Reframing how you think about mornings

“How can you let the sun get up before you! A good woman wakes up before sunrise”.

As a girl in Africa you join the 5 am club involuntarily because part of your grooming is that the day starts before light comes with the sun rise. Only, this teaching has nothing to do with the increased productivity and spiritual benefits of getting a few hours in before everyone else.

The girls and women woke up before every body else to start off the household chores so that when everyone else woke up everything is ready. You would get up and sweep the yard, fetch water from the well, light the fire and heat bath water. You would take a bath yourself, sometimes in cold water so that you are not presenting your dirty self to people so early in the morning. You would also go to the field early while the sun is not yet to high in the sky otherwise you burn and tire in the heat.

As a grown up urbanite raised in this culture it is easy to struggle with morning panic. You wake up, before your alarm goes off because your body clock is still set to your mama’s early morning lectures. Soon as you open your eyes you are immediately assaulted by anxieties about things to be done, heart already racing your feet hit the floor and carry you into the same old routine.

It’s so bad that even on days you don’t really have stuff to do it just feels like you have to get up and do something -anything.

The obsession that the Western world has with morning routines though aligned with our African cultures on the need to wake up early is worlds apart in terms of how to invest those morning hours.

Three key ways in which we differ are:

1. Where the early morning routines of the West are about waking up slowly, African ones are about getting as much done as possible before everyone else is up. The idea of waking up to meditate, journal, have a leisurely cup of coffee, exercise, trade affirmations with yourself in the mirror and read is quite foreign.

2. Also, African mornings for women culturally are about serving others so they can wake up to partake of the convenience you have created for them. It’s so ingrained in our ways that most marriage rites involve the bride going through this early morning serving ritual for her in-laws to prove that she has been raised right. Western morning rituals seem to be more about the self and what edifies you. Where family exists they ideally come after you have done something for the self even if it is just to wake up and drink water.

3. Bettering the self: We typically did not spend time in exercise. The discipline of actively managing ones weight through physical exercise is not present in our cultures. This could be because we led very active lifestyle and ate organic – there just was little room to have weight issues. This have changed a while lot though it is a really good idea to invest waking hours into this.

Many women on the continent go through the African style morning routine stoically and don’t give it much thought. It’s the way it is and the morning panic is just another requirement for one to be a good woman, wife and mother. You serve, you rush, you tire. Repeat.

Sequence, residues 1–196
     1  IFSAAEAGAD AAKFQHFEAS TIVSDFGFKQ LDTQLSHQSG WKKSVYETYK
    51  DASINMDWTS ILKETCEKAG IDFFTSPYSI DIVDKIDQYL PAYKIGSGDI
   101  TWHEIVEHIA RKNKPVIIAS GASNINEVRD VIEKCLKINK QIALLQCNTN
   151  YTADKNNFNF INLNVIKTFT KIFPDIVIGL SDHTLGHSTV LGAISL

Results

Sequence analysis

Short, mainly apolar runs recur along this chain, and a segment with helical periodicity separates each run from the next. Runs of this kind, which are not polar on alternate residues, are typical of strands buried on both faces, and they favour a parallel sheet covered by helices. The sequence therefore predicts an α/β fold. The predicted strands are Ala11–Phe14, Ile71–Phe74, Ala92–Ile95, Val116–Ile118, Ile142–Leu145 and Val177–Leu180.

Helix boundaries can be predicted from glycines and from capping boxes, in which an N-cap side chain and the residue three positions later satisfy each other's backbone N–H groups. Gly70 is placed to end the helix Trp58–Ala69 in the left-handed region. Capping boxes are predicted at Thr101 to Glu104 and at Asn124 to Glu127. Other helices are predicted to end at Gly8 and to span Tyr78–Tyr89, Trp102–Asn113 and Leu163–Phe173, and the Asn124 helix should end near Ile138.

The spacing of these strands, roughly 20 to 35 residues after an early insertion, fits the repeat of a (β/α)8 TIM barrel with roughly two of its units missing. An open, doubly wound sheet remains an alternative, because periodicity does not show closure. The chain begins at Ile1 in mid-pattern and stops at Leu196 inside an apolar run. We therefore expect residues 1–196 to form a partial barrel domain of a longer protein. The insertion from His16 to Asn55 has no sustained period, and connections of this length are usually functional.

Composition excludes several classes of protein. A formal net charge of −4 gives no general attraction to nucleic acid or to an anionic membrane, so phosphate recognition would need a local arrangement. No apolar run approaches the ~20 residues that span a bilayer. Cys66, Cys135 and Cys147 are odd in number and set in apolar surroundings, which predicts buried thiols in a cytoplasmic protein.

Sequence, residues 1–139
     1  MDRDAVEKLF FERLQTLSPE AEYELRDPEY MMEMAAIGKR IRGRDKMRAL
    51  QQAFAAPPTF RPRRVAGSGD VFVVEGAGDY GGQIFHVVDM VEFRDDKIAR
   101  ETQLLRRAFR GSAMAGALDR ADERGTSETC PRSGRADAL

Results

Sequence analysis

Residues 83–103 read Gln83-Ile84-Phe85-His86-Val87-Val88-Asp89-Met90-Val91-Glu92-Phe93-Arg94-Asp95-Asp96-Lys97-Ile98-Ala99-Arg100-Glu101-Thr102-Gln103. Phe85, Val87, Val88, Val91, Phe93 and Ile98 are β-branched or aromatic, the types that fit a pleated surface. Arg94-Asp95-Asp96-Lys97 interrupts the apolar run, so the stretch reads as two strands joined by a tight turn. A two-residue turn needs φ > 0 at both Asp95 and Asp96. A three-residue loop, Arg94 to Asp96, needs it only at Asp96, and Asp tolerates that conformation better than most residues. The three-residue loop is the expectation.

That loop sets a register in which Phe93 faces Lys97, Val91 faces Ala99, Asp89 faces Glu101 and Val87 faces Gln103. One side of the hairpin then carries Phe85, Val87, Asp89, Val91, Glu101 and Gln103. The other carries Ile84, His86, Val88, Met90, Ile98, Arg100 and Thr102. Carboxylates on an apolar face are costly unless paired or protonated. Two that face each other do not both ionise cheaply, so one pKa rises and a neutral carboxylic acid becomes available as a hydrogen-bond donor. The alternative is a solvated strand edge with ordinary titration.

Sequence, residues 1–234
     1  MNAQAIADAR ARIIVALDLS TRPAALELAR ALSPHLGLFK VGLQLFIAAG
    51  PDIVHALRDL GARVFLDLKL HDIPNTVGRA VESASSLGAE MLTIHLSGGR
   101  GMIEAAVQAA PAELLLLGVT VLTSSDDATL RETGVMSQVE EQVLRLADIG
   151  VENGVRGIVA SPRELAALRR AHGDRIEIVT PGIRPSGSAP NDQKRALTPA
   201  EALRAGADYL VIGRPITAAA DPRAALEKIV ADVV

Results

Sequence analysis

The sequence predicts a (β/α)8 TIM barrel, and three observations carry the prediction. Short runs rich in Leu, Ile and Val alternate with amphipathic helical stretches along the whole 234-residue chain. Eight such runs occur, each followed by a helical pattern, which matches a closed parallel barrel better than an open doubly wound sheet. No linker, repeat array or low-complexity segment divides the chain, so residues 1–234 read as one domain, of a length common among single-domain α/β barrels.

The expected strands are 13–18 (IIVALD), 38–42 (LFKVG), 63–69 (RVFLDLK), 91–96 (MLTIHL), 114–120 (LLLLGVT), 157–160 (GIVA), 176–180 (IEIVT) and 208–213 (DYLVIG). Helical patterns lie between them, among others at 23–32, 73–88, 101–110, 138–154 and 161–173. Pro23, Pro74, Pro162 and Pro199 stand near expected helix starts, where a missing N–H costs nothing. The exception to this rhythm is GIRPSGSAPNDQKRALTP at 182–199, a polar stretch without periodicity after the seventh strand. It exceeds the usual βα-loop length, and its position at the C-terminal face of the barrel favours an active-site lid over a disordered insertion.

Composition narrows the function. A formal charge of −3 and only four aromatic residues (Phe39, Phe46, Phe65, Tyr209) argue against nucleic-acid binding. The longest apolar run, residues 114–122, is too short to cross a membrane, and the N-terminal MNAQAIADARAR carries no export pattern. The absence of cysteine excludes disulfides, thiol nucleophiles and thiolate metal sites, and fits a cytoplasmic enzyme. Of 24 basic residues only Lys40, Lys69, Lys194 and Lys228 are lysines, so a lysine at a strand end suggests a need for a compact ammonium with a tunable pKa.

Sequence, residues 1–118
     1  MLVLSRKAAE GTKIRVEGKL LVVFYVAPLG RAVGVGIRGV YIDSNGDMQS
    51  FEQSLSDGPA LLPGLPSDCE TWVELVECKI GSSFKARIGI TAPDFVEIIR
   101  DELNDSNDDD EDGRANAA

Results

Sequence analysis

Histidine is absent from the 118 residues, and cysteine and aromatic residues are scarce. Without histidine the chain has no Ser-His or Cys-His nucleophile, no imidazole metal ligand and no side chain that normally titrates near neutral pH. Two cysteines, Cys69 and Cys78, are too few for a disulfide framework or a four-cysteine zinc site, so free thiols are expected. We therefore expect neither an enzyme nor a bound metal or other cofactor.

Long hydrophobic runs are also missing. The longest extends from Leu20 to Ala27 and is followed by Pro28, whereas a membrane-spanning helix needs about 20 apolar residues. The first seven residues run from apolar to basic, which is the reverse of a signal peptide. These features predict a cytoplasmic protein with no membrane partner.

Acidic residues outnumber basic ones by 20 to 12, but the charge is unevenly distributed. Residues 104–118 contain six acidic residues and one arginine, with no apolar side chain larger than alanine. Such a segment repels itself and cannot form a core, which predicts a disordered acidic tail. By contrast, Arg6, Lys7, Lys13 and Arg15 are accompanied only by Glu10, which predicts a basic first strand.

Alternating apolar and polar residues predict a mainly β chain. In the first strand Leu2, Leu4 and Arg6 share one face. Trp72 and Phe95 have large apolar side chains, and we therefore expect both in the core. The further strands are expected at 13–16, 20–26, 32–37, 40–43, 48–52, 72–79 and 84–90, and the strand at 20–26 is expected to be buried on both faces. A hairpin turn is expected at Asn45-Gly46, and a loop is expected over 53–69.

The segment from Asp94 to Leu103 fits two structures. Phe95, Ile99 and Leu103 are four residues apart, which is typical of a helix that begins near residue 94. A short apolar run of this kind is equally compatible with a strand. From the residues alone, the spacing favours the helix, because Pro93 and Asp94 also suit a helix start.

Pouring first into your own cup holds an appeal one can’t ignore, though, if you really think about it. Especially in this “modern” day where many African women are in demanding careers while still shouldering the bulk of the work of trending to house and home. It can easily be 26 hours of non-stop working. Mornings matter.

How can we reframe the way we think about mornings and adapt who and what we serve before the sun comes up?

1. Meditation/prayer: There is definitely something about centering yourself in the divine early in the morning. Whether it’s too make sense of bad dreams from the night before or to make sense of dreams for your future and pray for guidance, starting your day on a spiritual note is a good idea. Taking time to actually kneel and pray, no rush, is a good way to start the morning slower.

2. Serving yourself: Too often as women we give of our time and effort to everyone but ourselves. Turning this on its head means starting with you. Let that first cup of tea be one that you actually drink while it’s still hot. Take that first hot bath. Read, reflect, dream, learn, enjoy – let the first sensation of joy felt in your house be yours. Give yourself that gift before gifting it to others.

3. Reduce the morning to-list. Redistribute the work that comes with the morning. This could be getting the kids to make their own beds. Outsourcing, if you have live in house help let them take on some of the early morning things. Letting adults do their own preparations because yes men can spread beds, iron, run baths, find socks etc. It could be mechanising some things even or de-prioritising them because let’s face it perfection is time consuming.

4. Wake up slow: This one should have been first actually. Do not jump out of bed the second you open your eyes. Take a few seconds, minutes even to breathe and take in the morning. Give thanks for being awake and alive again this day. Stretch, feel your toes. Greet your partner if you have one, gaze at a sleeping child. Come alive before you even check your phone. Think good thoughts before your to-do list. Then, only then, get up and go serve yourself before serving anybody else.

May your every morning be a burst of sunshine…

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